Brain tumour baby off to school
Little Lyra Cole was just five months old when she underwent emergency surgery to remove a brain tumour that had been repeatedly misdiagnosed as a virus. Today, the confident and friendly four-year-old is excited about her first day of school, a day her parents had once feared might never come.
Her dad, Dan Cole, 36, explains how their nightmare started: “The first inkling we had that anything was wrong came in October 2013 when we noticed Lyra seemed to have lost her appetite and she developed a rash. The doctor told us it was a virus but the symptoms didn’t go away and we persisted as we weren’t happy with the diagnosis. Lyra seemed to be very tired and didn’t eat much. Then she started vomiting two or three times each day.”
First-time parents, Dan and Lyra’s mum Ellie Hawkes, 26, went to their GP four times with their sick baby, each time being assured it was just a virus and that Lyra would get over it. Unconvinced by this explanation and seeing their daughter deteriorate, they took her to hospital near their home in Highbridge, Somerset. Doctors initially thought Lyra might have meningitis, until a CT scan revealed she had a tumour the size of a small orange growing in the back of her brain.
“Ellie and I were numb and in total shock,” remembers Dan, “although we didn’t believe she had a virus, we never in our worst dreams thought it would be this.” Lyra was diagnosed with a low-grade choroid plexus papilloma, a rare form of brain tumour that can particularly affect infants. The Coles’ baby girl was immediately transferred to Frenchay Hospital in Bristol for an 11-hour surgery.
The surgery was successful but, within months, the family were facing fresh fears as it became obvious that Lyra was struggling to see. “She had always been a quick developer and crawled early”, says Dan, “so when Lyra suddenly started crawling into doors we knew something wasn’t right. It became so bad that she could only distinguish night and day.”
Just a month after Lyra’s first birthday, she underwent the second surgery of her short life to remove a cyst growing on her optic nerve, a complication from her earlier operation.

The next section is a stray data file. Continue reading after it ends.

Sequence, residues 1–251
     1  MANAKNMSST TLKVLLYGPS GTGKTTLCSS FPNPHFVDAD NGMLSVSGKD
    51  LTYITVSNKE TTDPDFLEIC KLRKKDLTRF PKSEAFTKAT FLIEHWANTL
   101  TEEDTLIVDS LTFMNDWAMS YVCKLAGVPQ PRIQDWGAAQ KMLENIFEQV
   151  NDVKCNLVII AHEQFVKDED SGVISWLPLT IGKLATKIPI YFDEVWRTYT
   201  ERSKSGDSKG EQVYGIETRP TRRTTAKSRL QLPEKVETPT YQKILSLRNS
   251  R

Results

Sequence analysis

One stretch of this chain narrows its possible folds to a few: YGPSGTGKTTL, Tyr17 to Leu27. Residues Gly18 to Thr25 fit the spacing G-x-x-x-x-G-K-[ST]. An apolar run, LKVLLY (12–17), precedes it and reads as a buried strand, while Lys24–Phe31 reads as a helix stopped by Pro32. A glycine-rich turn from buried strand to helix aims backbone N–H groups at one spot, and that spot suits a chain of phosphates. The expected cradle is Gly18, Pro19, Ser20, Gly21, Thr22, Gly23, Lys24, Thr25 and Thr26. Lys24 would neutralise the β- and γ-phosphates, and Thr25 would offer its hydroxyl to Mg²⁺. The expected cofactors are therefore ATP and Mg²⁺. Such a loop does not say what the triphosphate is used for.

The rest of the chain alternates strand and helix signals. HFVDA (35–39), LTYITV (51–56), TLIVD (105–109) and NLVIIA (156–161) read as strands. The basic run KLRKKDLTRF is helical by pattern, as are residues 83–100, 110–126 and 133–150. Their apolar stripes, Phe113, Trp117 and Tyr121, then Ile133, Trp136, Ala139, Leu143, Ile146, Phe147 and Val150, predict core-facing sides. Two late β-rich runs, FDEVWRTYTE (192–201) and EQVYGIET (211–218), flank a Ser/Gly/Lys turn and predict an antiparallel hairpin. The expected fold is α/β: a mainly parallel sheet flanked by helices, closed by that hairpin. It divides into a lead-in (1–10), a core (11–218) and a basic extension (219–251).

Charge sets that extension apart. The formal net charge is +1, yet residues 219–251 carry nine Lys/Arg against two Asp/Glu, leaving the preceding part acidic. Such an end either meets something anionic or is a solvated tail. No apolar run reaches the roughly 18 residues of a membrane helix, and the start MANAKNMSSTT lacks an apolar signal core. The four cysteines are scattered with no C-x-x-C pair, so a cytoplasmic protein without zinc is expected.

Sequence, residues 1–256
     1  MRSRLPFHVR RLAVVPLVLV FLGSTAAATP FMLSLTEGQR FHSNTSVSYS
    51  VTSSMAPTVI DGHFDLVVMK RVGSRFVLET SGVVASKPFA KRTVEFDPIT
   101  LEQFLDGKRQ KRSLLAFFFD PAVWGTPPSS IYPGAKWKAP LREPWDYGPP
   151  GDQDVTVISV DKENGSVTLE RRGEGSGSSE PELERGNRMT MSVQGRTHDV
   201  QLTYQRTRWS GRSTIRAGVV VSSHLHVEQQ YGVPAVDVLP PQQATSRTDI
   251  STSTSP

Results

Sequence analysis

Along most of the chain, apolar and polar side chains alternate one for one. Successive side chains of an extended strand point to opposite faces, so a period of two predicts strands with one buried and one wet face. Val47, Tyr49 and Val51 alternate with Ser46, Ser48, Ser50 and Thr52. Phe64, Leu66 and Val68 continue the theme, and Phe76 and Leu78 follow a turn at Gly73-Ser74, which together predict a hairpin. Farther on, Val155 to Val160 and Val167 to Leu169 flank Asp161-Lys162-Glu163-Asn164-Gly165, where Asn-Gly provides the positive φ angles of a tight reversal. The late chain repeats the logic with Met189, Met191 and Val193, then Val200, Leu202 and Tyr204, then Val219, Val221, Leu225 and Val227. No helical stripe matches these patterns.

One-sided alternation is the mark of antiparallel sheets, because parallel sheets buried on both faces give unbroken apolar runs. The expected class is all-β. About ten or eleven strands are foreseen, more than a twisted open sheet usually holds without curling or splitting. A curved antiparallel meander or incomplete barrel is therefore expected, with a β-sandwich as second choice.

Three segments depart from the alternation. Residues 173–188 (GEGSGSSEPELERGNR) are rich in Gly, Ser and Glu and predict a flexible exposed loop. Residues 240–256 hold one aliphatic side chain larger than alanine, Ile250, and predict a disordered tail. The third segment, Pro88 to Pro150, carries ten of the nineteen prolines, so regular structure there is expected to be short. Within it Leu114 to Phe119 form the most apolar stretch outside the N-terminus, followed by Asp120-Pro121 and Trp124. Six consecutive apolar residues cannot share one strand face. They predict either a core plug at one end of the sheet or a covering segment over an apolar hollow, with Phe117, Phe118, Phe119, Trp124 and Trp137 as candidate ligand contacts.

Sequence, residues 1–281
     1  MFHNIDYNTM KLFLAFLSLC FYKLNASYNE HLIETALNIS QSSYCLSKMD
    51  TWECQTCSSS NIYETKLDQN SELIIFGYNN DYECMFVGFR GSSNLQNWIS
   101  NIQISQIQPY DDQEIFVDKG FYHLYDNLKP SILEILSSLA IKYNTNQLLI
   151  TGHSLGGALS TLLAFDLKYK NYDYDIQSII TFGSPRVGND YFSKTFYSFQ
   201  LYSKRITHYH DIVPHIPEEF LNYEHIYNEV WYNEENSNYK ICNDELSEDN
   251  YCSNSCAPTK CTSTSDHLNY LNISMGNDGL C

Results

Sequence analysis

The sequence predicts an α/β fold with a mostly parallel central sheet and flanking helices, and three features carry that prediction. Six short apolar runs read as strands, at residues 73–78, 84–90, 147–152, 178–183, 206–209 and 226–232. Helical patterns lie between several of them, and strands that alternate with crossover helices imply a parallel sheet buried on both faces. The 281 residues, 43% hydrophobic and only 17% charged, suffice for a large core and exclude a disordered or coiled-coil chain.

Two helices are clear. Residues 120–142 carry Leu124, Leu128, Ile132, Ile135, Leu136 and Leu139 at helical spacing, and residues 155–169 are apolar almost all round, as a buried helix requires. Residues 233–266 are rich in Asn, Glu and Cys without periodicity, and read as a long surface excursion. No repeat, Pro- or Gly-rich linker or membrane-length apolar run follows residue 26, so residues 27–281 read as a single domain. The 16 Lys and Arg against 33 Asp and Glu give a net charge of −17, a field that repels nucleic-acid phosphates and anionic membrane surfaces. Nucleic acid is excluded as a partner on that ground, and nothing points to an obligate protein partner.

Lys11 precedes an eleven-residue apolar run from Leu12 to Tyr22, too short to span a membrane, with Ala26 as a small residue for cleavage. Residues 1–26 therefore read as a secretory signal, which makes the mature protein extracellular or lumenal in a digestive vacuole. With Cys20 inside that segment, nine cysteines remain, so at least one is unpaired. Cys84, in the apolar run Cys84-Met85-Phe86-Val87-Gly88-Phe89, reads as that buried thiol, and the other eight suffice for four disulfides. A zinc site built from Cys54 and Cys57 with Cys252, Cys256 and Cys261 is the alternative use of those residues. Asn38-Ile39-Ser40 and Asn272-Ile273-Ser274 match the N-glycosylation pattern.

“Thankfully”, smiles Dan, “by the time she came round and was back on the ward it was obvious her sight was coming back. Lyra looked happy and, instead of looking through us as she had previously done, there was a discernible difference that she was actually looking at us. She reached out to touch Ellie’s eyelashes – that was a lovely moment and a nice confidence boost for us all.”
Since her last operation in 2014, Lyra has recovered well. Her regular MRI scans and check-ups have been gradually reduced in frequency until they are now just an annual occurrence and she was discharged from Bristol Eye Hospital earlier in the summer. She is now a normal little girl, looking forward to starting at Berrow Primary School on 5th September, with a scar hidden underneath her hair.
“The doctors told us to treat her as if it never happened as it is very unlikely that a tumour of this type will come back,” explains Dan. “We used to get very anxious at first but now we try not to panic. Lyra adores gymnastics and dancing, she’s a real performer and loves talking to people. We do get her checked out though if anything happens to her head. She fell off a bouncy castle recently and banged her head so that meant a trip to hospital.”